HB 176: Cash for Clunkers for Cleaner Air
This bill never received a vote.
Clean air is a hot topic in Utah, and different legislative proposals have been attempted and enacted over the years to help attain it. Among the proposals this year is House Bill 176, sponsored by Representative Jeff Stenquist
This bill aims to create a Vehicle Emissions Reduction Program, providing potentially millions in taxpayer-funded grants to pay people to trade in their vehicles for newer ones. A similar bill passed the House last year in a split vote, but did not get a Senate vote.
Specifically, grants of up to $5,500 would be given to people who earn below 300% of the federal poverty level and who owned a vehicle made before 2003 that has failed an emissions test.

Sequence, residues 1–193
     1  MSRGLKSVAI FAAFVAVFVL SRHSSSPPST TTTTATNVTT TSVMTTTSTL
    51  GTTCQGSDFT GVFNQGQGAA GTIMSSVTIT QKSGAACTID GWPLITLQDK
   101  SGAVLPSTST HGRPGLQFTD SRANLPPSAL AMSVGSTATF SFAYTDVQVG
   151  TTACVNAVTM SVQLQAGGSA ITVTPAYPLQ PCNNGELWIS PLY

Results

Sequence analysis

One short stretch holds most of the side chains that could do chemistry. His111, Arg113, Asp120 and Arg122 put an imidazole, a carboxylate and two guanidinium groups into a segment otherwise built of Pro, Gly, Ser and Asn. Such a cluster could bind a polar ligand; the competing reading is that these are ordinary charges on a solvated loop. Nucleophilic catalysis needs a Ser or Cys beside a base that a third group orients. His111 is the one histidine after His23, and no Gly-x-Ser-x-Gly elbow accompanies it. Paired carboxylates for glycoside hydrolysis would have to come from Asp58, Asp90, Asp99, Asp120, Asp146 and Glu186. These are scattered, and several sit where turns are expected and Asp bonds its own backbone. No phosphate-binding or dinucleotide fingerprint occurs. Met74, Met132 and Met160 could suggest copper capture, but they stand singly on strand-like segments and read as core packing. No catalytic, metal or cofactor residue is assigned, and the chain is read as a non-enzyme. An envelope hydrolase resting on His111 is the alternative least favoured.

The program also authorizes the creation of a taxpayer-funded “public service campaign” to educate the public about the program’s existence.
The state has previously operated a similar program for old lawnmowers, providing taxpayer dollars to help remove gas-powered engines from circulation—with little apparent impact. And the federal government previously operated a similar program, spending around $3 billion. In recent years, a study was done by economists from MIT and Texas A&M and they found that not only was the federal program poor economic policy, but it did little to help the environment as well.
While cleaner air is an important goal, paying people with taxpayer money to get newer cars is an improper use of government spending.